Regular tri-season is now complete for me and the post-season is about to begin! Here’s a recap of my 2015 season.
Pre-Season as I’m calling it, started off with a bang by placing first in my AG in the LifeTime Marquee Arizona Sprint triathlon in April 2015.
Regular season got off to a rocky start with a miss at the GoodLife Half marathon in early May, but I bounced back at Woodstock taking second place and nailed the run.
I felt fairly strong run wise going into the Tremblant 70.3 in June, though slightly under-trained in the bike. Excitement, a better than planned swim and nerves resulted in a failure to execute an ideal pacing plan. While I had a course PB by 10 minutes, including improvements in the swim, bike and run, I wasn’t able to run the pace i had trained for.
After that I fought some mental challenges leading into the Bracebridge Oly in August, and while setting new power records on the bike, and coming in 2nd in my AG my run was again a miss.
I spent the next few weeks working through the mental side of the sport, especially the fear of the pain that is felt during the 10k run in the Oly. I reached out to my tri community and did some research (see below). The result of that work was shown at the Wasaga Sprint Tri where I exceeded my goals, setting a new course PB, overall Sprint distance PB, new run PB for the sprint and tying my overall standalone 5k time!
Race results: 1:14:27 Swim: 14:50, Bike: 34:48, Run: 22:27, run up:0:35, T1: 0:57, T2:0:51
Now with less than 3 weeks to go until the ITU Grand Finale in Chicago, I feel post season will be the best yet. This will be my 3rd time on the Age-Group Team Canada and my 3rd trip to the ITU Standard
(Olympic) Distance World Championship.
I wouldn’t have gotten through this season without the help of many people. Big thanks to my run coach Kyle Smith, and all my wonderful chiro’s (Dr Kris Sheppard, Dr Jaclyn Kissel, Dr Pete Kissel) and my massage therapists for keeping my body in working order, my awesome Naturopath Dr Penny Kendall-Reed. Big thanks to all my training buddies and friends at the Toronto Triathlon club who keep inspiring me to push harder and be better!
So what have I come up with to deal with the pre-race anxiety:
Race with the enthusiasm of a rookie but the skills of a veteran! The pain is temporary and I am in control of it!
Want to do more for your mental training. Here are some resources:
In Pursuit of Excellence- Terry Orlick
Mike Lipkin- one Life one meeting- how to build preeminence one conversation at a time. Mike was a terrific Keynote at one of my conferences years ago. One of the key points from listening to his talk was race with the enthusiasm as a rookie (where you don’t know what you are in for) but apply the wealth of lessons you have learned over the years.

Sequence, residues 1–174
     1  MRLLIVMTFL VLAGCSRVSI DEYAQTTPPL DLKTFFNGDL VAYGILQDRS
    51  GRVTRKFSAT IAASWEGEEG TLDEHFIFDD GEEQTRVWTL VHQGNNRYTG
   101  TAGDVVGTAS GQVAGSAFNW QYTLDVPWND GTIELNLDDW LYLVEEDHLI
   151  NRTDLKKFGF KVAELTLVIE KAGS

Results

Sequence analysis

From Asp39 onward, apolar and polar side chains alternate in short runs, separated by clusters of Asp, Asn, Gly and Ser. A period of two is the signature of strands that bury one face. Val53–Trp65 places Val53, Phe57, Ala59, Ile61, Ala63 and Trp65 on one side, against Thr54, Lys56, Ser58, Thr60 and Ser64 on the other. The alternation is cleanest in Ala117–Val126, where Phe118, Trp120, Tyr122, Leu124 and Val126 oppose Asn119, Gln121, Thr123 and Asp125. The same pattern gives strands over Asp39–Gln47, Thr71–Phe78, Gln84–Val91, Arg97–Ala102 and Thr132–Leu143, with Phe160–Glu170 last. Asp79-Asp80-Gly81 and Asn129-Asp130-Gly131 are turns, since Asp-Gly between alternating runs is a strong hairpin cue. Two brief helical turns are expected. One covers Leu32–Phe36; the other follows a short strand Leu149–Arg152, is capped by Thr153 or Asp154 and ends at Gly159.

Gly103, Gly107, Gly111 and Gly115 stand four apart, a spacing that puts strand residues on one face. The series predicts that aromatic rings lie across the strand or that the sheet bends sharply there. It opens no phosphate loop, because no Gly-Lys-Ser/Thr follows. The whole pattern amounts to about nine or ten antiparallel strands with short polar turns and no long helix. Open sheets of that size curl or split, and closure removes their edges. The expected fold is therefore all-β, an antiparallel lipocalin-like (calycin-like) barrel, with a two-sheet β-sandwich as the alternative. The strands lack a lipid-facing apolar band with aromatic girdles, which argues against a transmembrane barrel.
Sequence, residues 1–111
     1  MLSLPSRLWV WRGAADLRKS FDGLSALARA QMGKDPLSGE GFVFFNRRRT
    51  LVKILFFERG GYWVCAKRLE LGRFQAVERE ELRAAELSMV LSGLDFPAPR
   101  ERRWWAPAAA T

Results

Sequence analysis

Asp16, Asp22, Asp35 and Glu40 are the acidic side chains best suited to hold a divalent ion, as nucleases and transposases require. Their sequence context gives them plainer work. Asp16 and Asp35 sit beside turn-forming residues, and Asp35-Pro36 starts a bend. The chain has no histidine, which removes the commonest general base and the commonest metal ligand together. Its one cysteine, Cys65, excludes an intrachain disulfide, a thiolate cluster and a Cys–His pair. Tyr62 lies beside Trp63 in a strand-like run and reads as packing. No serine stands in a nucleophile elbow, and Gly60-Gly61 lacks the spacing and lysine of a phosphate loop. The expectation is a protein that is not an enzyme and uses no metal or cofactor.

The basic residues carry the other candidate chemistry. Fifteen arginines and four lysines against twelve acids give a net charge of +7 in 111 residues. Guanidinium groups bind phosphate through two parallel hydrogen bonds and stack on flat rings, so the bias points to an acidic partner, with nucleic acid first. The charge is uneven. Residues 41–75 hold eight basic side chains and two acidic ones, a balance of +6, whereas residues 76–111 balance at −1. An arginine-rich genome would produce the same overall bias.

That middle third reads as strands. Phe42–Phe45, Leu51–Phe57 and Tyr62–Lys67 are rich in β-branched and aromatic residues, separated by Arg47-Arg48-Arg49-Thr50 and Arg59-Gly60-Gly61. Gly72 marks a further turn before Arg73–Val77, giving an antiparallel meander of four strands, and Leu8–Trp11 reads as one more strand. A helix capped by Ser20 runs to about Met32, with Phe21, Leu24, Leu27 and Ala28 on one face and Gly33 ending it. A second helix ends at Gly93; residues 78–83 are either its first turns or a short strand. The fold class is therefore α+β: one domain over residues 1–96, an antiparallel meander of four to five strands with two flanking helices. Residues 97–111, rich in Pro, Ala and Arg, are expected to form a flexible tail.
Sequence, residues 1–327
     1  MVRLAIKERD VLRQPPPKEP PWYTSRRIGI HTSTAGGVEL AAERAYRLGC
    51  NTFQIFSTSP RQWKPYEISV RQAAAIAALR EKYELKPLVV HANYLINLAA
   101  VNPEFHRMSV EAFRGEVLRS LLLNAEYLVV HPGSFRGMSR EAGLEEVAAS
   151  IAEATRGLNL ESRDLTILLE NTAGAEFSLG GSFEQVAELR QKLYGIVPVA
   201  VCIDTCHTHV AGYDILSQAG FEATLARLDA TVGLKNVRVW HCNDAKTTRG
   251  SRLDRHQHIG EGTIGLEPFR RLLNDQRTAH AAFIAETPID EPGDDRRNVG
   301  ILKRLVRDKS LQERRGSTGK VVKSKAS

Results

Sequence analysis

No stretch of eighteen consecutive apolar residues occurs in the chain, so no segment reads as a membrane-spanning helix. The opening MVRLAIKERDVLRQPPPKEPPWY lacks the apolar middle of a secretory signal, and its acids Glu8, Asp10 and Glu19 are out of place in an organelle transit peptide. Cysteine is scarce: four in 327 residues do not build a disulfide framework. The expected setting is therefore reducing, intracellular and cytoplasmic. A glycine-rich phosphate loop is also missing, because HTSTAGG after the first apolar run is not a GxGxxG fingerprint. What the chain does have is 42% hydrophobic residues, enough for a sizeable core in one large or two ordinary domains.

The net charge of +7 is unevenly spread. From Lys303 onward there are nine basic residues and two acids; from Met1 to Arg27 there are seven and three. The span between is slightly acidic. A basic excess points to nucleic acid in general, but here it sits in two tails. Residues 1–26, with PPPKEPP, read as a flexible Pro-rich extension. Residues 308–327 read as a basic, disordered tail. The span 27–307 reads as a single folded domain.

Leith Dury – Mike’s podcasts brought me back to what Sport Psychologist Leith Dury told us about your ideal performance state that you want to race in a state of Unconscious Competence.
Dr Greg Wells -http://drgregwells.com/community/be-better-podcast-16-the-psychology-of-pain/
Also, in August, I reached out to my FB community for tips, suggestions and feedback for dealing with race anxiety, before and during. Here’s what they shared. I hope it can help you in your next pursuit!
Express gratitude. Gratitude for simply being able to excel at this sport. Gratitude for the opportunity to push yourself. Gratitude for those who believe in you.
Keep in mind that you chose the aggressive goal that will/could cause you pain, and you can also “un-choose” it at any time. That’s what helps relive my stress in situations like this.
Count to 1000. Then repeat as necessary. I do this and it becomes rhythmic with my breathing and foot strike. It’s a almost like a meditation of sorts!!
Trust in your training. You have worked so hard, and just believe in it.
The person that feels the most pain, wins.
Deep breathing gets me through the thought of it ahead of it and the pain of it during. Focusing on breath always helps me with so much
The focus point, I focus on a post or sign up ahead and just before I make it to that spot I tell myself ok I did that now the next sign post etc… Eventually the last sign post is the one holding the finish line! It helps to distract me from being in my head
Embrace the hurt. You know it will hurt. Observe it. Be with it.
Visualization. The night before my bigger races, I lie on the floor, close my eyes and just visualize every step of the race, from waking up, to prepping my transition zone to finishing. Takes a good 30 mins, but also allows me to get my breath under control and break down the race into manageable little sections.
Big positive thoughts and dig deep!
Expect the unexpected!
Control the things you can and let go of the things you can’t!
Race with the enthusiasm of a rookie but the skills of a veteran!